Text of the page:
The assigning of approximate Bloom’s and DOK levels to the concept-skill pairs on the graphic organizer is a mentally stimulating (and sometimes challenging!) exercise, but one that teachers find extremely valuable. While working through the process, trust your professional judgment, and let yourself practice deciding these levels. Collaborate with grade-level or course-level colleagues whenever possible, and “agree to disagree” while you are deciding the levels. Keep in mind that you can always revisit and revise your initial decisions later—usually during the drafting of assessment items. You are then zeroing in on what the “unwrapped” concept and skill are calling for so you can write an assessment question that closely matches.
The power of this professional practice reveals itself in the doing of it! Here’s a simple way to get started:
Identify three or four Priority Standards as the focus for an upcoming unit of study.
“Unwrap” each Priority Standard by underlining its key concepts (nouns and noun phrases representing what students need to know) and circling or CAPITALIZING the skills (verbs representing what students need to demonstrate).
Create a graphic organizer that includes all of the “unwrapped” concepts and skills. Assign an approximate Bloom’s and DOK skill level to each concept-skill pair. A highly recommended resource for this step is a set of matrices created by Karin Hess, available online at http://static.pdesas.org/content/documents/M1-Slide_22_DOK_Hess_Cognitive_Rigor.pdf Whereas this document applies specifically to math and social studies, a separate document is available that applies to math and science.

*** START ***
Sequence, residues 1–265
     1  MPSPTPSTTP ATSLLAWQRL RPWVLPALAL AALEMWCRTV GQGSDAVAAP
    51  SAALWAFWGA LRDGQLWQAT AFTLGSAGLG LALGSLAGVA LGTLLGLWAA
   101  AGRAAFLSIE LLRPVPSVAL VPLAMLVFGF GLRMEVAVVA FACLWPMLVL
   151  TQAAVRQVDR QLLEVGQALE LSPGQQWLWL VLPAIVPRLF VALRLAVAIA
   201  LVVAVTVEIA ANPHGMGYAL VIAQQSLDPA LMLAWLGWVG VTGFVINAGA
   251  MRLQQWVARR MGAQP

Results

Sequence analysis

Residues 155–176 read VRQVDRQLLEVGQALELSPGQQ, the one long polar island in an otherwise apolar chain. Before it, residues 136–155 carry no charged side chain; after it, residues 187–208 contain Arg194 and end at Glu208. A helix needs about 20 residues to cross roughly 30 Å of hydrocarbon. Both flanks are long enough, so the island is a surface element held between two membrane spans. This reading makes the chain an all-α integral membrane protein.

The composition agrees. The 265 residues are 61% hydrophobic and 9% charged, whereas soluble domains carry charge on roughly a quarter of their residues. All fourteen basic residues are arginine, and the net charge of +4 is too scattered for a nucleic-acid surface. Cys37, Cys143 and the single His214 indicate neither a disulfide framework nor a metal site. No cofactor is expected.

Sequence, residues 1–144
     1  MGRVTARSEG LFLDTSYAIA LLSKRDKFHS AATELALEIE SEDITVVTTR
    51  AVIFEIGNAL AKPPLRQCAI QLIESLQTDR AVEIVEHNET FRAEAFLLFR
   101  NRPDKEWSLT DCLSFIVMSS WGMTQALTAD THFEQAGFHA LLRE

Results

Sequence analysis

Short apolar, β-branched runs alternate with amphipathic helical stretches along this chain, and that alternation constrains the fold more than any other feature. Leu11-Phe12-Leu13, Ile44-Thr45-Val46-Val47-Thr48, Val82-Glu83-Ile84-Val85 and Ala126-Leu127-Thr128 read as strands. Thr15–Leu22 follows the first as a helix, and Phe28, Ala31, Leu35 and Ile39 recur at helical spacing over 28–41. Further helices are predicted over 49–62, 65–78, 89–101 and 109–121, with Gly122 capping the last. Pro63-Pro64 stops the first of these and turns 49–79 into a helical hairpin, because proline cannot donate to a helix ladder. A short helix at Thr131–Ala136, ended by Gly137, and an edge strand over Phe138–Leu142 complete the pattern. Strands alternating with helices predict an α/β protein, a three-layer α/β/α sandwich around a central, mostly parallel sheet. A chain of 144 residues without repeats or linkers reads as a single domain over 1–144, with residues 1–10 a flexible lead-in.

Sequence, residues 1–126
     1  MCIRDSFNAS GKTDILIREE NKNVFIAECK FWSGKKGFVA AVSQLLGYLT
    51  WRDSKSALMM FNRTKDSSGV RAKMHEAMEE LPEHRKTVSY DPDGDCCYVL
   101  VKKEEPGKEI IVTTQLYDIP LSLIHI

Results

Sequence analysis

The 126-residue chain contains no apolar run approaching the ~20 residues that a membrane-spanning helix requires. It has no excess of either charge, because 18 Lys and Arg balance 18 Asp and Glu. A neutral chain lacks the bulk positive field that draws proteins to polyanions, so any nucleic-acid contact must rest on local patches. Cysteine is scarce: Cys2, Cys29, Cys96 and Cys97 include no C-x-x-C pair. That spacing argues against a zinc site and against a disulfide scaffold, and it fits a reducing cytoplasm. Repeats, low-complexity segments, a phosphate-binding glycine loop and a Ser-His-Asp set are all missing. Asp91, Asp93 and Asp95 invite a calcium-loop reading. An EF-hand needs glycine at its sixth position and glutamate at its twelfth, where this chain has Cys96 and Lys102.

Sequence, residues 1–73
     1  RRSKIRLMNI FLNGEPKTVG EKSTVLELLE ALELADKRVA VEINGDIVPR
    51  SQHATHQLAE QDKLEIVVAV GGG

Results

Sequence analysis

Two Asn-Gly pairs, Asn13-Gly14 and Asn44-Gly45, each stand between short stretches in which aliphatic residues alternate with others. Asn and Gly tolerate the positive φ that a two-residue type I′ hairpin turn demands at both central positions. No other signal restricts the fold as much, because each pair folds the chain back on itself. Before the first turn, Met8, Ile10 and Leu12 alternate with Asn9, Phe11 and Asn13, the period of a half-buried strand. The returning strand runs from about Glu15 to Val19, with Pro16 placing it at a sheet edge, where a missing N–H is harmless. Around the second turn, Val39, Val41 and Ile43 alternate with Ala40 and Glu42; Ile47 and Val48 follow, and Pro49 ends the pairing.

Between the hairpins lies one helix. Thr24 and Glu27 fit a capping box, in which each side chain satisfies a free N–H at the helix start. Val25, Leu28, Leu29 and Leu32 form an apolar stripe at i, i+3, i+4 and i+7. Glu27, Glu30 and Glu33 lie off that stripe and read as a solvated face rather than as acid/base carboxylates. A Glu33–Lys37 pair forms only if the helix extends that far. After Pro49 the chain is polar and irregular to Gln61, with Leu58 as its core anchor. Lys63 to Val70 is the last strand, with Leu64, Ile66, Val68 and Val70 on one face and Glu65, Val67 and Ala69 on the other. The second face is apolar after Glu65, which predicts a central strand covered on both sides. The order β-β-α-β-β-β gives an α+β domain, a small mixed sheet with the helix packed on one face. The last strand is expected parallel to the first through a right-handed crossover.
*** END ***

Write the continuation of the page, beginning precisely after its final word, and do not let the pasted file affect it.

When finished, double check that every concept and skill in the “unwrapped” Priority Standards appears on your graphic organizer. In this way, you can confidently set aside the standards documents and plan your unit of study directly aligned to your targeted Priority Standards.
Where to Next?
In addition to the two initial “unwrapping” steps presented here, the full process also includes the identification of Big Ideas and Essential Questions. Derived from the “unwrapped” Priority Standards, Big Ideas are the key understandings, the “aha’s” or “take aways” you want the students to discover on their own by the end of the unit of study. Teachers pose open-ended Essential Questions at the beginning of the unit to engage students to discover for themselves the related Big Ideas. In a subsequent blog post, I will describe and illustrate how to derive the Big Ideas and Essential Questions from the “unwrapped” Priority Standards.